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Harnessing the Stem Cell Potential: The path to prevent mitochondrial disease

Although stem cells were initially thought to be the magic bullet for numerous diseases, translation of a stem cell–based cure into the clinic is still a work in progress. Basic research is shedding light into the potential of stem cells, and different research fronts are now exploring how to exploit this potential to tackle diverse conditions. In 'Bench to Bedside', Akemi Tanaka, Mark Sauer, Dieter Egli and Daniel Kort discuss how genome transfer from eggs of mothers with mutated mitochondria into an enucleated egg from a healthy female donor at an early developmental stage can eliminate mitochondrial disease. The negligible mutant mitochondrial DNA carryover and the differentiation of subsequent embryonic stem cells into various cell types with healthy mitochondrial DNA content suggest this could be used to prevent transmission of mitochondrial disease to the offspring. The authors discuss safety concerns and remaining technical questions that need to be resolved to make way for this new technology in the clinic. In 'Bedside to Bench', Nan Yang and Marius Wernig peruse a small study of children with a myelin disorder showing that transplantation of human neural stem cells leads to engraftment and donor cell–derived myelination.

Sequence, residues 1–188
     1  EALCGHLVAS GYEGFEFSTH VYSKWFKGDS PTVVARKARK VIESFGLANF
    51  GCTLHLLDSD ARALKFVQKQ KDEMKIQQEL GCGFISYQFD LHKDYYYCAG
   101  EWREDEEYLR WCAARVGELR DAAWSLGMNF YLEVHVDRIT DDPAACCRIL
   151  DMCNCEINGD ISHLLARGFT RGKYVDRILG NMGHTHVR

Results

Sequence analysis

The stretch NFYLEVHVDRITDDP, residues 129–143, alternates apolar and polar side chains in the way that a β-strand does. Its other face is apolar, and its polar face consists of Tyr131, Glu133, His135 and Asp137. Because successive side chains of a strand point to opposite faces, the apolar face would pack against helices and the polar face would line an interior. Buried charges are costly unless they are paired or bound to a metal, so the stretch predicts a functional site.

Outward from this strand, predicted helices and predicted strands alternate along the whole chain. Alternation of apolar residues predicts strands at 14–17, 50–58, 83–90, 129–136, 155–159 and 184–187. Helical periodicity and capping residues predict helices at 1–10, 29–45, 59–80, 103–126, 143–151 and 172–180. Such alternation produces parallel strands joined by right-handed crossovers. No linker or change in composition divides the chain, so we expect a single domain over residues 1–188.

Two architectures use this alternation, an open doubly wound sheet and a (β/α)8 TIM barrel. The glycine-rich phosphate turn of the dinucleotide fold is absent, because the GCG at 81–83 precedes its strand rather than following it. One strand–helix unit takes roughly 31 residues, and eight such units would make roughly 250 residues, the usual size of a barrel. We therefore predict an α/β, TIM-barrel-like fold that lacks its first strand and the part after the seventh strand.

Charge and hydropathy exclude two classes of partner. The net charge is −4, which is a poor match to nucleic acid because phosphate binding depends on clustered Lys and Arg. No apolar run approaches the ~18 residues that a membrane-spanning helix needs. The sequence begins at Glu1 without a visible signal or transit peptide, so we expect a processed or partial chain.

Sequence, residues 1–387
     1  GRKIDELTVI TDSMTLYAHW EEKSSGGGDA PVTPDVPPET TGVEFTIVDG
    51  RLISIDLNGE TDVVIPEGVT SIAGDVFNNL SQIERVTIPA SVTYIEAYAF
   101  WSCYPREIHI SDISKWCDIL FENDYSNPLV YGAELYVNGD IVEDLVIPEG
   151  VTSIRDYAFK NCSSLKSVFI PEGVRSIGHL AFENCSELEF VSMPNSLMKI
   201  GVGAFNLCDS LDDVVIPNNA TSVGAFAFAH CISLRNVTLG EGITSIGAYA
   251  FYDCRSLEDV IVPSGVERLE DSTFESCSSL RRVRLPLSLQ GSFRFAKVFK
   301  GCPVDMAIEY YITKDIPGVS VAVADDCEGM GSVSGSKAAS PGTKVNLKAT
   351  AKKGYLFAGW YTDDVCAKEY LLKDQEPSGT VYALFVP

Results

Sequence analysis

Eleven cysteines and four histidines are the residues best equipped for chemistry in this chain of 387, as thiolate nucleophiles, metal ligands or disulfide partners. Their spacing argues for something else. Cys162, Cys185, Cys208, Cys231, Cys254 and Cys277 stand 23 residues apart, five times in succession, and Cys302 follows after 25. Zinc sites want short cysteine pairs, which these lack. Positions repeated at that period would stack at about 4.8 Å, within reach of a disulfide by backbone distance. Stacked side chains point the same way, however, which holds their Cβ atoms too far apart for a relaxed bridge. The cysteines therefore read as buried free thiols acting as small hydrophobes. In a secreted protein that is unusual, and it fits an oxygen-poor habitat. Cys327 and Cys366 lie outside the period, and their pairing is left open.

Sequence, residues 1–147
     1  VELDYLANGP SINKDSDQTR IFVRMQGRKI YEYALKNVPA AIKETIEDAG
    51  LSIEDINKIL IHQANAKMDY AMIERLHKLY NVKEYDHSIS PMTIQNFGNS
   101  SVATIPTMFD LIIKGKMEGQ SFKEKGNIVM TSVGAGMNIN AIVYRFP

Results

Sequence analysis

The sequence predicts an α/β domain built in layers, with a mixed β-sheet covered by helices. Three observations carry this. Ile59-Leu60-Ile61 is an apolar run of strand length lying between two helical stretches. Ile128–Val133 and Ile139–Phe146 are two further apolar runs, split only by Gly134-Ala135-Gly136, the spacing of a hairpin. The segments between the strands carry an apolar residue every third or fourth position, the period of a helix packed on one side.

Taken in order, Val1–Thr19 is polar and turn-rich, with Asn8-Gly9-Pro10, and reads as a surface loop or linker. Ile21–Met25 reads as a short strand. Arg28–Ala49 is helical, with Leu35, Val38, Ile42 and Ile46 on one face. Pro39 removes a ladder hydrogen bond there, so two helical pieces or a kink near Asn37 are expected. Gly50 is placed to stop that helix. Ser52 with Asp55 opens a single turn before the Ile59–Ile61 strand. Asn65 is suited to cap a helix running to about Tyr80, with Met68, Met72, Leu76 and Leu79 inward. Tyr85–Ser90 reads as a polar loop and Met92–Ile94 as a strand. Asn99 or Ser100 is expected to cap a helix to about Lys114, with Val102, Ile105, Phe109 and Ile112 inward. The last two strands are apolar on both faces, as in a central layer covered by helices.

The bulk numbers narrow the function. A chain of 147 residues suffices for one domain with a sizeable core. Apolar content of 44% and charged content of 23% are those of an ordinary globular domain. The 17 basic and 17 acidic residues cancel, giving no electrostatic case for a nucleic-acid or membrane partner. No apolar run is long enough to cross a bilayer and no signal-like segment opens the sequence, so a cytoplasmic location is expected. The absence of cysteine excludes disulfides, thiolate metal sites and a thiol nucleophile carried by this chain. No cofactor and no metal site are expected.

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Figure 1: Mitochondrial replacement to eliminate mutant mtDNA.

Katie Vicari


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Correspondence to Dieter Egli.

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Tanaka, A., Sauer, M., Egli, D. et al. Harnessing the Stem Cell Potential: The path to prevent mitochondrial disease. Nat Med 19, 1578–1579 (2013).

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